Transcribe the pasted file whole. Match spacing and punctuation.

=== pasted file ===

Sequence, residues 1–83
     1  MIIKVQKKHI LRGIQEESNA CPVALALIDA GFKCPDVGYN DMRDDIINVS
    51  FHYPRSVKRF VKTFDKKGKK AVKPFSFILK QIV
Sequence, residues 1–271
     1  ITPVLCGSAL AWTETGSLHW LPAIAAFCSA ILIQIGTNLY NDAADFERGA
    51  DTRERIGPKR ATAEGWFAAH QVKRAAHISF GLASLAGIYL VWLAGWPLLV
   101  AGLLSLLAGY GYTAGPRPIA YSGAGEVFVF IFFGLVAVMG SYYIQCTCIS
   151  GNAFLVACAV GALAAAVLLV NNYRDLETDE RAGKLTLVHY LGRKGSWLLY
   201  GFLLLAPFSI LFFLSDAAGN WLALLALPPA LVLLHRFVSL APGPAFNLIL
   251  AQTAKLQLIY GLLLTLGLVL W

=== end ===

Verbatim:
Sequence, residues 1–83
     1  MIIKVQKKHI LRGIQEESNA CPVALALIDA GFKCPDVGYN DMRDDIINVS
    51  FHYPRSVKRF VKTFDKKGKK AVKPFSFILK QIV
Sequence, residues 1–271
     1  ITPVLCGSAL AWTETGSLHW LPAIAAFCSA ILIQIGTNLY NDAADFERGA
    51  DTRERIGPKR ATAEGWFAAH QVKRAAHISF GLASLAGIYL VWLAGWPLLV
   101  AGLLSLLAGY GYTAGPRPIA YSGAGEVFVF IFFGLVAVMG SYYIQCTCIS
   151  GNAFLVACAV GALAAAVLLV NNYRDLETDE RAGKLTLVHY LGRKGSWLLY
   201  GFLLLAPFSI LFFLSDAAGN WLALLALPPA LVLLHRFVSL APGPAFNLIL
   251  AQTAKLQLIY GLLLTLGLVL W